The National Cancer Strategy and Committee accountable to the Government must look at every aspect of what it means to be affected by leukaemia. As with many types of cancer, early diagnosis is key to support long-term survival through effective and timely treatment and ensuring the best possible quality of life for those affected. Unlike many cancers, there is a relatively cheap and simple full blood test that already exists to detect or even rule out leukaemia. Yet people with symptoms are all too often denied such a vital test and end up being diagnosed at A&E – 37% of those with leukaemia were diagnosed in an emergency setting, compared to 21% for more common cancers.

In addition, more people with leukaemia have repeated GP appointments before being diagnosed than any other cancer. What’s even more concerning is that, in recent years, things have been getting worse. Take AML as an example – between 2013 and 2020 in England, the number of people being diagnosed with AML in A&E increased by 10%, whereas the number diagnosed by their GP has reduced by more than half. 

An effective route to diagnosis that ensures referral for a full blood test within 48 hours would not only reduce the distress of an already difficult diagnosis but would also save the NHS money. This is arguably more important than ever at a time when the NHS and the cancer care it provides are beyond crisis point. 

It’s not just the bumpy route to diagnosis which needs addressing. Development of and access to new kinder, more effective treatments should be a priority to increase the chances of surviving this devastating disease and living well. As part of NHS reform, we would like to see the new Parliament immediately take on Labour’s life sciences plan to ensure there are more clinical trials, a robust drug appraisal system and a sustainable workforce. This is so that medicines reach the people who need them and that they are also supported with unavoidable side-effects.  

“Research unearths the solutions, but this means nothing if it is not backed by the political ambition and commitment to get innovation out of the laboratory and into the hands of people who need it.”

Living with leukaemia is hard in a myriad of ways. That’s why every person affected by the disease needs to have a Holistic Needs Assessment (HNA) at the point of diagnosis so care – in whatever form is needed – is available from the very beginning. This will give them the best chance to both survive and enjoy a real quality of life.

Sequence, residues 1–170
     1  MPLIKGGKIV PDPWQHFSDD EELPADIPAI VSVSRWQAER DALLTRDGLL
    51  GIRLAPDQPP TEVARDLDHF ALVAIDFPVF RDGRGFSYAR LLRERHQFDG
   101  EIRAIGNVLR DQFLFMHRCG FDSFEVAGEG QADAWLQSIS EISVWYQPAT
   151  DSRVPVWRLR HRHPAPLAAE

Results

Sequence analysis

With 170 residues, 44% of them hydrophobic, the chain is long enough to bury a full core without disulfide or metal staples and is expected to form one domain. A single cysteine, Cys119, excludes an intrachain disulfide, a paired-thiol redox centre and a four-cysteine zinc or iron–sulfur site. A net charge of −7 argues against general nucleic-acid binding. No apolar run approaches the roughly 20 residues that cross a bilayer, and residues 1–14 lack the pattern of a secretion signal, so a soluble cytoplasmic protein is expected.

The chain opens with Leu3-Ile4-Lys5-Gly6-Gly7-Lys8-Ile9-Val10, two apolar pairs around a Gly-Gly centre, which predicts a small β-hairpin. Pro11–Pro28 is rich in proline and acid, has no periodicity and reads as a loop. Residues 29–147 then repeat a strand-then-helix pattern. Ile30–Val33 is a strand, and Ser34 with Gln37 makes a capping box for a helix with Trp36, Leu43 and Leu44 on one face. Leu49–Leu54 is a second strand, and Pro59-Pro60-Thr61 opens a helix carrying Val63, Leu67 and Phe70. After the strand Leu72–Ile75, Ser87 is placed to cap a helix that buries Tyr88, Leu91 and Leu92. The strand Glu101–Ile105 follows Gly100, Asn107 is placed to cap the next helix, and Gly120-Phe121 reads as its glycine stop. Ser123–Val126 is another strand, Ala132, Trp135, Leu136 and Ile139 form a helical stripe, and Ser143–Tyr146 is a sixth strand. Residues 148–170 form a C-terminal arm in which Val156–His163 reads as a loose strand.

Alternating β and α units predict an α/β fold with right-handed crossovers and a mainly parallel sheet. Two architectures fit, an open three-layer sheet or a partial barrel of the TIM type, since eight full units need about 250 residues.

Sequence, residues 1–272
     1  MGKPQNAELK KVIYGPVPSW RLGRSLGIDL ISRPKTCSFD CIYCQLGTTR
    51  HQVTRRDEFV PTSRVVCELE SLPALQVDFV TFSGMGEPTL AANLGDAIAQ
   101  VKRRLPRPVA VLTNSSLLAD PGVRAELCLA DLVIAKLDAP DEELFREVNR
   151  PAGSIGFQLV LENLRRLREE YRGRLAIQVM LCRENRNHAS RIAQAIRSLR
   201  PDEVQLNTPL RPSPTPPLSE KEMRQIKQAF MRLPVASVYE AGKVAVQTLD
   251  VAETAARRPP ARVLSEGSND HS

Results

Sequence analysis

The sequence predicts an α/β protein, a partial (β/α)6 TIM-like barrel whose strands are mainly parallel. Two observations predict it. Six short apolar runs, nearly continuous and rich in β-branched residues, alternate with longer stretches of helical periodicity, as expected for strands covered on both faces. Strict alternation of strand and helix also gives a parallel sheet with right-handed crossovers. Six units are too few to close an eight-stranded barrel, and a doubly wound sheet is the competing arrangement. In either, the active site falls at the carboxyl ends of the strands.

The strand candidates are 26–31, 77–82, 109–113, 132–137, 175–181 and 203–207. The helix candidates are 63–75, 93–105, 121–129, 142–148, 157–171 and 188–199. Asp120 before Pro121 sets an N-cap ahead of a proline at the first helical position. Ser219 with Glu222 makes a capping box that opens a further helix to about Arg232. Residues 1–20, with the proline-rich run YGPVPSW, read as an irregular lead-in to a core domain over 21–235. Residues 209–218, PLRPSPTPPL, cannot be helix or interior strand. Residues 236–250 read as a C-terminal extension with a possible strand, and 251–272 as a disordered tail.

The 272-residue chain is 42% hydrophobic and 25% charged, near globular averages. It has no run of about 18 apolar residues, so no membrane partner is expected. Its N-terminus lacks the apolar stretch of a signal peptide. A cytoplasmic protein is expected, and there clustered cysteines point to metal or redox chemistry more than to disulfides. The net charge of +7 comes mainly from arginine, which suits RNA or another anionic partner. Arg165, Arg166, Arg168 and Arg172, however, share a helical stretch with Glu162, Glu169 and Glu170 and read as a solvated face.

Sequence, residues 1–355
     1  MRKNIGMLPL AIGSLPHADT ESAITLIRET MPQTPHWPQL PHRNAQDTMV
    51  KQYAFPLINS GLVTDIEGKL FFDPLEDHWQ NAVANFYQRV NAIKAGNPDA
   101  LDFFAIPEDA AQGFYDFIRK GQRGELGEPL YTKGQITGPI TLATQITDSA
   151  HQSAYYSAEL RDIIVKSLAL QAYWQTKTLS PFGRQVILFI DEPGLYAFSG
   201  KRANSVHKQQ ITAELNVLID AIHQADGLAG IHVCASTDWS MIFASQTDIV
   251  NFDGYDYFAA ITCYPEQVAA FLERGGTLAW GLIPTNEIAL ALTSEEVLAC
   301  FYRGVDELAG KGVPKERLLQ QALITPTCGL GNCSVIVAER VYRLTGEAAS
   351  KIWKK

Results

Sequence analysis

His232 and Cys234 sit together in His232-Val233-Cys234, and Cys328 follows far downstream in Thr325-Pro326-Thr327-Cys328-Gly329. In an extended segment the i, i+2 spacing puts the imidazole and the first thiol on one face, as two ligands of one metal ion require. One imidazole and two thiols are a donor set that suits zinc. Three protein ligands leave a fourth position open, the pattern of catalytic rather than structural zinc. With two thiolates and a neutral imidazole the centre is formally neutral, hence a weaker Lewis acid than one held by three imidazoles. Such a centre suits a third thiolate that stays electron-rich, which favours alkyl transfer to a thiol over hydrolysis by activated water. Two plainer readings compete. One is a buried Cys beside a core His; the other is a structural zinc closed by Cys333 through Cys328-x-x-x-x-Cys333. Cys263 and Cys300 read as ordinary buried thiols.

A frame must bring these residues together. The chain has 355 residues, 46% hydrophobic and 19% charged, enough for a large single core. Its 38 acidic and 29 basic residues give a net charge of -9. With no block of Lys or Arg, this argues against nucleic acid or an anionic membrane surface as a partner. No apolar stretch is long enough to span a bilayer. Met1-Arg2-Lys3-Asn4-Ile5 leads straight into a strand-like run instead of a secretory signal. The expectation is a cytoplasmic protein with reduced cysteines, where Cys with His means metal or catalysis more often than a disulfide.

At Leukaemia UK, we will not stop until those in power ensure that people with leukaemia are diagnosed as early as possible, have access to kinder and more effective treatments and receive vital ongoing support. We will continue collaborating with our partners and peers including the Blood Cancer Alliance, Cancer52 and We3Can to help our united voices be heard. We also want to collaboratively work with all the political parties and leaders to improve the lives of people with leukaemia.  

So, our message to those who have the power to drive change is – will you work with us and commit to prioritising the needs of those living with leukaemia both now and in the future? Because, if you will, together, we really can stop leukaemia devastating lives. 

Fiona Hazell, Leukaemia UK Chief Executive

References

1 – Hamilton W. Leukaemia diagnosis and primary care. Br J Gen Pract. 2024 Jan 25;74(739):54-55. doi: 10.3399/bjgp24X736149. PMID: 38272696; PMCID: PMC10824351.  

2 – Niedzwiedz CL, Knifton L, Robb KA, Katikireddi SV, Smith DJ. Depression and anxiety among people living with and beyond cancer: a growing clinical and research priority. BMC Cancer. 2019 Oct 11;19(1):943. doi: 10.1186/s12885-019-6181-4. PMID: 31604468; PMCID: PMC6788022. Accessed 12/06/2024